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St. Anne's Episcopal Church, Warsaw
The first Episcopal Church in Warsaw, St. Andrew's, folded in 1896. In 1919, an unorganized mission was formed under the leadership of the Rev. Robert Long. Given the name of the Church of the Holy Spirit in 1923, it appeared with a report in the Diocesan Journal through 1928. Under the are of the Rev. Howard Russell White and Archdeacon Joseph Gubbins, the mission worshiped in rented rooms in a central location in town. However, the onset of the Great Depression in 1929 ended all efforts to continue the missionary work. The church was abandoned along with similar efforts at Columbia City, Argos, and Winamac.
On 2 July 1950, some 54 years after the closing of St. Andrew's, the Rev. Bruce Mosier of St. James Episcopal Church, Goshen, held a service for ten people in the bar-room at the Hays Hotel in Warsaw. This group formed the nucleus of what would become the congregation of St. Anne's. In a letter dated 9 November 1950, Mosier noted that he had been holding monthly services at the hotel on the first Sunday of every month for several months. With his encouragement, interested parishioners gathered signatures and presented a petition to Bishop Reginald Mallett to secure mission status for Warsaw. Mallett replied to Mosier on 4 December 1950, “It was a moving experience to have you and the Committee from Warsaw meet” and that he would “ensure the continuance of services at the Mission of Warsaw, which will be named St. Anne’s.”
Mosier arranged to have services continue at the Hays Hotel Sample Room (formerly the bar), and he listed eight families, eight individuals, and 20 confirmed, 35 baptized and 14 communicants. He also noted that every time he came to Warsaw, he “fastens on to a new prospect or two and that the members of the group themselves are alive and show interest in church growth.” He also wrote: "There are a few Greeks who have no church and might be interested in helping the mission. … there is quite a bit of musical talent and that they know how to smile!” Mosier was gifted at getting people to smile and get acquainted.
Bishop Mallett attempted to solidify the mission's membership by the end of 1950. In a letter to the congregation dated December 4, he stated, “It was a very important time when you and the committee came to visit us and presented the petition for St. Anne’s, Warsaw, Indiana, to become a mission in the Diocese of Northern Indiana. I want to express to you and all of the people that signed the petition and for the group you represent, my sincere desire to do my utmost to further the work of the church in St. Anne’s mission, and to be a father in God to them and all the community in every respect as far as lies in my power.”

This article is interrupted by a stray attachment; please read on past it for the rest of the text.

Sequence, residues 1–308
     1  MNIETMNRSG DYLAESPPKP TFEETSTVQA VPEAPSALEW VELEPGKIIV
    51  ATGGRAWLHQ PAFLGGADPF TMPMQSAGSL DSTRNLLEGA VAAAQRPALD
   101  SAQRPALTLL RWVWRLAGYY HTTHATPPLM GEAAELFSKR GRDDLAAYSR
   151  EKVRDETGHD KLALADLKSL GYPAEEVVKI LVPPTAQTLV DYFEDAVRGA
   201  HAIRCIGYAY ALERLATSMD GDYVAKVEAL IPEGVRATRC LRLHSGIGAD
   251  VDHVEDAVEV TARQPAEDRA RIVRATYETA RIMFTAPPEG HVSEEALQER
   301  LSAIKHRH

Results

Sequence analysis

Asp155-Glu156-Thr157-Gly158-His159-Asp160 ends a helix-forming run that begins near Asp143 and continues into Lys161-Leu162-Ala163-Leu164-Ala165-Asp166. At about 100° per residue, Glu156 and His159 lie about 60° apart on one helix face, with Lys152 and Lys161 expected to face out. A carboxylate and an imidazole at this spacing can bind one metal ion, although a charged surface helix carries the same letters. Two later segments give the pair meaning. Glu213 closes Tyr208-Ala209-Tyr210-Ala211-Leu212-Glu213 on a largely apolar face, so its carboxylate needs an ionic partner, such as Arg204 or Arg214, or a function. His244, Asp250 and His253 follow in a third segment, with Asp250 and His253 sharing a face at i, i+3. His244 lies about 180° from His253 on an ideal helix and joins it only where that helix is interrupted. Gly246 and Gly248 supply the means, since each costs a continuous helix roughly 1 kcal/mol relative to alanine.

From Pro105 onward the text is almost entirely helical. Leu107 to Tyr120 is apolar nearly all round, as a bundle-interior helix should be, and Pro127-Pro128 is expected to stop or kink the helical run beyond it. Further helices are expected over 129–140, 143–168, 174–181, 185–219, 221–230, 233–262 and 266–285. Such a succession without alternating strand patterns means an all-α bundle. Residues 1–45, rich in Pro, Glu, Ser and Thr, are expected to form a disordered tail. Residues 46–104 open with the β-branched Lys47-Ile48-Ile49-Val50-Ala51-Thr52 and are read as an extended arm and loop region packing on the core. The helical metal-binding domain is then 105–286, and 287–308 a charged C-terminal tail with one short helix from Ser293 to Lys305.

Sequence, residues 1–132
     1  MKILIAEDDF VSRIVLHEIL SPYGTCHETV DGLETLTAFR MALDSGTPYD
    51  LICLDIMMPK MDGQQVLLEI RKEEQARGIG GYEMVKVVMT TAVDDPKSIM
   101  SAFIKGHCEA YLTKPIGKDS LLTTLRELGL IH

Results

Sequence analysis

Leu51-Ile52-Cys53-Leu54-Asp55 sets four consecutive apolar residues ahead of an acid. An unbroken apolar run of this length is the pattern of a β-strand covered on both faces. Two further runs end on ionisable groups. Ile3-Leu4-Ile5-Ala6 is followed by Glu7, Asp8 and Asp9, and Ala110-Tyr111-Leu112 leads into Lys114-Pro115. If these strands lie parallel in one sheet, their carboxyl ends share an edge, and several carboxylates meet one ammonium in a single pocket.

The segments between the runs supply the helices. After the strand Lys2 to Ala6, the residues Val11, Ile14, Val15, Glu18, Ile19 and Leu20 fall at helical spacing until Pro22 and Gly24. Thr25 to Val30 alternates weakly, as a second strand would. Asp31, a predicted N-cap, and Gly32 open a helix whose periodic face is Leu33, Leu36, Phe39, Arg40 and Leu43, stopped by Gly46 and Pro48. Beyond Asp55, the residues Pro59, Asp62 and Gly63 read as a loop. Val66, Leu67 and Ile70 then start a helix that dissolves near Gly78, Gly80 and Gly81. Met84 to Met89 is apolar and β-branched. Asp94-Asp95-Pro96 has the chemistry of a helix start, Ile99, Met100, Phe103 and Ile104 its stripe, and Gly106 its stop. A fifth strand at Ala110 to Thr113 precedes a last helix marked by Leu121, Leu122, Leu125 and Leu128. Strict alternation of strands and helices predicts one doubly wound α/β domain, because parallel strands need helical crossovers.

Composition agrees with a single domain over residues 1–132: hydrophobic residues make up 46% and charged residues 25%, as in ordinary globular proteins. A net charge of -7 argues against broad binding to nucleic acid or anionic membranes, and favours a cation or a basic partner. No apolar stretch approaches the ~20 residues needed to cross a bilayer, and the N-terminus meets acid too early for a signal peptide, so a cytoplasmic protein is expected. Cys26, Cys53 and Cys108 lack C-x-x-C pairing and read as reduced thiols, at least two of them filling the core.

Mallett continued, “In regard to the business end of the arrangement of providing for a mission, I am taking it up with the Missions Committee and assuring them that St. Anne’s will assume $24 a year for the assessment for the support of the episcopate of this diocese, and $100 a year for the mission work of the church. In addition, we will explain about the compensation for the expenses of the priest going down to hold services at Warsaw.” An additional document dated 23 February 1951, states that: 1) St. Anne’s was now a duly constituted mission, 2) it was permitted to receive transfers and memberships from other parishes, and 3) a Registration of Communicants should be kept by the priest in charge of the Mission.
With the help of other churches in the diocese, the congregation acquired a building on the corner of West Fort Wayne and North Columbia streets. The sanctuary, classrooms, and fellowship areas occupied the downstairs. The upstairs eventually became the home for Father Leonidas (Lee) Rose and his family. During Rose’s tenure as vicar from 1957 to1962, the parish celebrated 37 baptisms, 47 confirmations, and had 90 registered communicants.
As St. Anne’s grew, the congregation needed more space for worship, classrooms, fellowship, and for making cheeseballs, a major fundraiser for the church at Christmas time for which it gained renown in the diocese. With help from several parishioners, the vestry purchased the former Sacred Heart Roman Catholic Church at 424 West Market Street and took out an $18,000 mortgage. Members of the parish contributed to restoring and finishing the worship space. On 6 May 1961, Sheila LaGarde married Charles Robert Burner in the first wedding celebration in the new edifice.
After St. Anne's became a parish, the Rev. Richard Ames became its first rector in 1983, followed by the Rev. Michael Basden in 1987. In 1989 under Basden's leadership, an effort called "Mission in Ministry Phase I" purchased an off-site house for use as a rectory, enabling the former one to be used for administrative and classroom space. The vestry purchased additional property surrounding St. Anne’s, and the congregation pledged $10,000 toward the renovation of All Saints Church, Syracuse, and the Wawasee Conference Center. This effort laid the foundation for the Phase II building expansion and for programs such as Kerygma, Focus on Faith, and Catechesis of the Good Shepherd, while also addressing the restoration of the historic church building. In 2002, archangel statues and window scapes, reminders of the surroundings in Kosciusko County and Northern Indiana, were added to the Chapel of St. Mary the Virgin.
Adapted from St. Anne's Parish Profile
Bruce Bickel Mosier, 1950-1952
John T. Russell, 1952
Willis Jay Handsbury, 1953-1954
Horace Lytton Varian, 1954-1956
James Edward Tripp, 1956-1957
Leonidas "Lee" Rose, 1957-1962
Gerald H. McGovern, 1963-1967
Robert Bradley McCormick, 1967-1973
Thomas Neil Sandy, 1974-1978
John Chilson Combs, 1979-1983
Richard Kenneth Ames, 1983-1986
Michael Paul Basden, 1987-1999
Brian Glenn Grantz, 1999-2006
Linda Hutton, 2004-2007
Daniel H. Martins, 2007-2011
Corinne Hodges, 2011-2017
Ryan Fischer, 2018-
Adapted from the Parish Profile of St. Anne's: http://stanneswarsaw.org/Websites/SaintAnnesWarsaw/images/St.%20Anne's%20Profile.Final.pdf
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Edward Stuart Little II, Seventh Bishop
Edward Stuart Little, the seventh bishop of the Diocese of Northern Indiana, held office at a time of intense changes in the national church. An outstanding preacher, he brought an evangelical zeal for the Gospel that ushered in a new leadership style for the diocese. As Linda Buskirk has written, Bishop Little personified "the lighthouse on the diocesan seal" and "delivered powerful messages that illuminate priorities for Christ centered living and ministry."